Research shows that inactive Latino parents tend to have kids who also are inactive.

“It is important to educate Latino parents that monitoring and rewarding healthy behaviors may improve the level of physical activity in their children,” Dr. Ramirez said.

The new research package is the fourth of six new research material packages by Salud America!, each focused on a specific topic on Latino childhood obesity:

Each topic’s package contains: a research review, an assessment of all available scientific evidence on the topic; an issue brief, a short summary of the research review; an animated video narrated by Latino children; and an infographic, a visual summary of the topic.

Salud America! is a national program of the Robert Wood Johnson Foundation (RWJF). Founded in 2007, the program aims to educate and support researchers, decision-makers, community leaders, and the public in contributing toward healthier Latino communities and seeking environmental and policy solutions to the epidemic of Latino childhood obesity. The network is directed by the Institute for Health Promotion Research at The University of Texas Health Science Center at San Antonio. For more information, visit

The University of Texas Health Science Center at San Antonio, one of the country’s leading health sciences universities, ranks in the top 3 percent of all institutions worldwide receiving National Institutes of Health funding. The university’s schools of medicine, nursing, dentistry, health professions and graduate biomedical sciences have produced approximately 28,000 graduates. The $736 million operating budget supports eight campuses in San Antonio, Laredo, Harlingen and Edinburg. For more information on the many ways “We make lives better®,” visit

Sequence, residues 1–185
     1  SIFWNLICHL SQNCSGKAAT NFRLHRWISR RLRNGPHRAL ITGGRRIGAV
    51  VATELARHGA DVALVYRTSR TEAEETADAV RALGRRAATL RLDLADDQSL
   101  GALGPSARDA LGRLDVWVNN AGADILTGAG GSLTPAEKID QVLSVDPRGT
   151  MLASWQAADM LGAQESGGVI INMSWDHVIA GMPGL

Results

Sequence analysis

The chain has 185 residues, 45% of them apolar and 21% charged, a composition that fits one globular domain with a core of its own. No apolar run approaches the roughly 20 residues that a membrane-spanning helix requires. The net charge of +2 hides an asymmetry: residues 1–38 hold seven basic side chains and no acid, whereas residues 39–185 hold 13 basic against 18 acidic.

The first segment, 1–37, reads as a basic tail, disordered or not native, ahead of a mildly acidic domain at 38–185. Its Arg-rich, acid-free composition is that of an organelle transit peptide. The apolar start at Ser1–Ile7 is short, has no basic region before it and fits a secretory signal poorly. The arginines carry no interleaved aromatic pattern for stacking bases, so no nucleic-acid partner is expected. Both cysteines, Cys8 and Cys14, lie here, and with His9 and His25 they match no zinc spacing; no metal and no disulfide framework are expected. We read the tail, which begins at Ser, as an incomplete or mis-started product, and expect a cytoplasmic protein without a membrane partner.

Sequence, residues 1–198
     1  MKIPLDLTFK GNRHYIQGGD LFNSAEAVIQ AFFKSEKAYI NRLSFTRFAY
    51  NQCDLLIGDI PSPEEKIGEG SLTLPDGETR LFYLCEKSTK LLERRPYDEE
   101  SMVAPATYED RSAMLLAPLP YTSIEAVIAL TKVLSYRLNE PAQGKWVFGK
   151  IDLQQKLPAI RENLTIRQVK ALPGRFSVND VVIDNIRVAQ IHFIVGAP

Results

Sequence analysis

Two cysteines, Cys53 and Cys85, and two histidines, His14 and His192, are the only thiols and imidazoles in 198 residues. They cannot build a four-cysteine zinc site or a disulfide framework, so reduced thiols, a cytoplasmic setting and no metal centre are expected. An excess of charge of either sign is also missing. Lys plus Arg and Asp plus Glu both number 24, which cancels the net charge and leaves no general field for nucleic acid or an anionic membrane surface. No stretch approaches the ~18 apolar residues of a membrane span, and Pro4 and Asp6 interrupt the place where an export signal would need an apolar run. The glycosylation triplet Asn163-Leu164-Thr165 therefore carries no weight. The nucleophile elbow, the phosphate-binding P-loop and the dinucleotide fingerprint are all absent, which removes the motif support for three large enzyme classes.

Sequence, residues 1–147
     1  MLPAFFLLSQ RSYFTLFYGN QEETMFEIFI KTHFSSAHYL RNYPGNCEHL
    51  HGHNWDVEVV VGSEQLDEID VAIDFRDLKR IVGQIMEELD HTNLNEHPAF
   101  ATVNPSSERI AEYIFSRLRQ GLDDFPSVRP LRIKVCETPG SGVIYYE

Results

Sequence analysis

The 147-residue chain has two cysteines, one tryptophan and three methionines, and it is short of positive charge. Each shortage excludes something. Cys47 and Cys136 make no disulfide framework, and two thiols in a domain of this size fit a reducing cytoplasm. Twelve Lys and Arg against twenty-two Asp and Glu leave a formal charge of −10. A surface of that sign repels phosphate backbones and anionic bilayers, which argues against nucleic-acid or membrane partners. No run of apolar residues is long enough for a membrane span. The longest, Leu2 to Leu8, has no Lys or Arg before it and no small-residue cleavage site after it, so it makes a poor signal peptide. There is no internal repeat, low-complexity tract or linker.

The Institute for Health Promotion Research (IHPR) at The UT Health Science Center at San Antonio investigates the causes and solutions to the unequal impact of cancer and chronic disease among certain populations, including Latinos, in South Texas and the nation. The IHPR, founded in 2006, uses evidence-guided research, training and community outreach to improve the health of those at a disadvantage due to race/ethnicity or social determinants. Visit the IHPR at Please visit our blog or follow us @SaludToday on social media.

About the Robert Wood Johnson Foundation
The Robert Wood Johnson Foundation focuses on the pressing health and health care issues facing our country. As the nation’s largest philanthropy devoted exclusively to health and health care, the Foundation works with a diverse group of organizations and individuals to identify solutions and achieve comprehensive, measurable, and timely change. For more than 40 years the Foundation has brought experience, commitment, and a rigorous, balanced approach to the problems that affect the health and health care of those it serves. When it comes to helping Americans lead healthier lives and get the care they need, the Foundation expects to make a difference in your lifetime. For more information, visit